WASHINGTON (AP) — The Biden administration has now approved plans from all 50 states, the District of Columbia and Puerto Rico that detail how those locations will roll out their part of an ambitious electric vehicle charging network along highways.

The approval means $1.5 billion in National Electric Vehicle Infrastructure funding — $5 billion over five years — will start flowing to states under President Joe Biden’s huge infrastructure law to create a national fast-charging network for electric vehicles. Building out a reliable and convenient network is critical to spur more adoption of the technology, which is itself key to reducing greenhouse emissions that cause global warming.

Federal approval of plans for the last set of 17 states came Tuesday, following the approval for 33 states, the District of Columbia and Puerto Rico earlier this month.

In practical terms, it means residents in some of those states could start seeing shiny new expansions and upgrades to their existing highway EV charging stations by year’s end. Construction of newly located EV charging stations could happen by next spring. Biden has a goal of ultimately installing 500,000 chargers across America and building a network of fast-charging stations across 75,000 miles (120,000 kilometers) of freeways from coast to coast.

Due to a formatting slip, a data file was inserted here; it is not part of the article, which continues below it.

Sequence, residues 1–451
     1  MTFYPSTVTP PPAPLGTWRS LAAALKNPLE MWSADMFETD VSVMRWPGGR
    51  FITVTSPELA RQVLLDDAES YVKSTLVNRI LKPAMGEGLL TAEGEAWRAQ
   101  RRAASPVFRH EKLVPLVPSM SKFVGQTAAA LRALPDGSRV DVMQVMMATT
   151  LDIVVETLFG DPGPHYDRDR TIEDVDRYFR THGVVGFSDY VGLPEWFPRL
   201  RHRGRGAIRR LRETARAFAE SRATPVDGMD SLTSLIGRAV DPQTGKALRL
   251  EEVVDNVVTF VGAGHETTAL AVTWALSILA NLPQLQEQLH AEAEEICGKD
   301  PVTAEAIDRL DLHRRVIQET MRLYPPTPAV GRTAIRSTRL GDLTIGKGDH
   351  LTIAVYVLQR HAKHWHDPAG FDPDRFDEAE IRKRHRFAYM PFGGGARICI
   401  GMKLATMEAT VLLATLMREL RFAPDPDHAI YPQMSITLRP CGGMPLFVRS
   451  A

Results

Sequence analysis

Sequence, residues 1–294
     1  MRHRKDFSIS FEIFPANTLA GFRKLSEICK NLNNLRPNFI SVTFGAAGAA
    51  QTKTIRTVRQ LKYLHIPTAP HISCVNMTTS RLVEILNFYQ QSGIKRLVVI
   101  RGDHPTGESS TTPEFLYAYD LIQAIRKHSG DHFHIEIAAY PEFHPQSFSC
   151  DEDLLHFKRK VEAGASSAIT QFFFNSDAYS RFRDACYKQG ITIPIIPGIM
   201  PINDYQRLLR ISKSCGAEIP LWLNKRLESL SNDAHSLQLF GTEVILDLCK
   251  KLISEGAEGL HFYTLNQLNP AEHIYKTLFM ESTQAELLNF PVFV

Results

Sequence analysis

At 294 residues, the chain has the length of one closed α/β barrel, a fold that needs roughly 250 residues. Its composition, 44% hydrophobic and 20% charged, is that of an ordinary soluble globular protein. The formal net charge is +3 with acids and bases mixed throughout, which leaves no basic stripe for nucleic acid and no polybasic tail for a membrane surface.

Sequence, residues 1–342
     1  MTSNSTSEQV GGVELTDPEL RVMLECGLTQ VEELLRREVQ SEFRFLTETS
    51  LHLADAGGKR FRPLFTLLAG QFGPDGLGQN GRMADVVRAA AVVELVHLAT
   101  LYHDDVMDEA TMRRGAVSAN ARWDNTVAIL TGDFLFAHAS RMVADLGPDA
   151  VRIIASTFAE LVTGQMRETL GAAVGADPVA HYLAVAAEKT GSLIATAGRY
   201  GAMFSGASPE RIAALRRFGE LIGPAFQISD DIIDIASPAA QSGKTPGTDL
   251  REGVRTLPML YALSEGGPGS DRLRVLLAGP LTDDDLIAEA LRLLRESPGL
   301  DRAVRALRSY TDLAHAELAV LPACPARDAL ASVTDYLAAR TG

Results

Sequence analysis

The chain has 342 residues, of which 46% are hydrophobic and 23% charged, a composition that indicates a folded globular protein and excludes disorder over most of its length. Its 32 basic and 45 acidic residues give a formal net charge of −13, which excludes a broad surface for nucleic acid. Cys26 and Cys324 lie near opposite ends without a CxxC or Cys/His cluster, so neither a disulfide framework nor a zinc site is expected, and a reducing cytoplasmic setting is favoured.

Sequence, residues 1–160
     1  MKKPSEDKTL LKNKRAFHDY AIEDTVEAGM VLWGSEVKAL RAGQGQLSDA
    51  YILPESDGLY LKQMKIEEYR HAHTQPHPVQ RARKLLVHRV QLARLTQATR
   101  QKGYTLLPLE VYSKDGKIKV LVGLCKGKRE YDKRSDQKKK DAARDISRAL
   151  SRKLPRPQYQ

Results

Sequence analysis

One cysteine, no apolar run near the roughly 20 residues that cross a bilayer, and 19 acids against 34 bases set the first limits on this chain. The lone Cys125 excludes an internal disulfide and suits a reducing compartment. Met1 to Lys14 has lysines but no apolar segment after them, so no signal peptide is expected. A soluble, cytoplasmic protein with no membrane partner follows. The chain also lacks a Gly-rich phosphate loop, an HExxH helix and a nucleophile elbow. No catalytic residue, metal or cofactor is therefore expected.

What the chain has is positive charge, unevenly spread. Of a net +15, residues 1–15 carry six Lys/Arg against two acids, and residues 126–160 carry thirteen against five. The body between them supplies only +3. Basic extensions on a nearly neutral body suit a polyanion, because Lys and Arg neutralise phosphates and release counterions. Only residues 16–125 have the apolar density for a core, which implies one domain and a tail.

Experts say the federal dollars should kickstart more involvement from the private sector to fill in the gaps for EV charging across the U.S. Last year, electric cars were about 5% of new vehicle sales in the U.S. and made up about 0.9% of all vehicles in the nation.

WHICH STATES HAD THEIR PLANS APPROVED TUESDAY?

  • Alabama
  • Alaska
  • Hawaii
  • Idaho
  • Illinois
  • Iowa
  • Indiana
  • Missouri
  • New Jersey
  • New York
  • North Carolina
  • South Carolina
  • Texas
  • Vermont
  • Virginia
  • West Virginia
  • Wyoming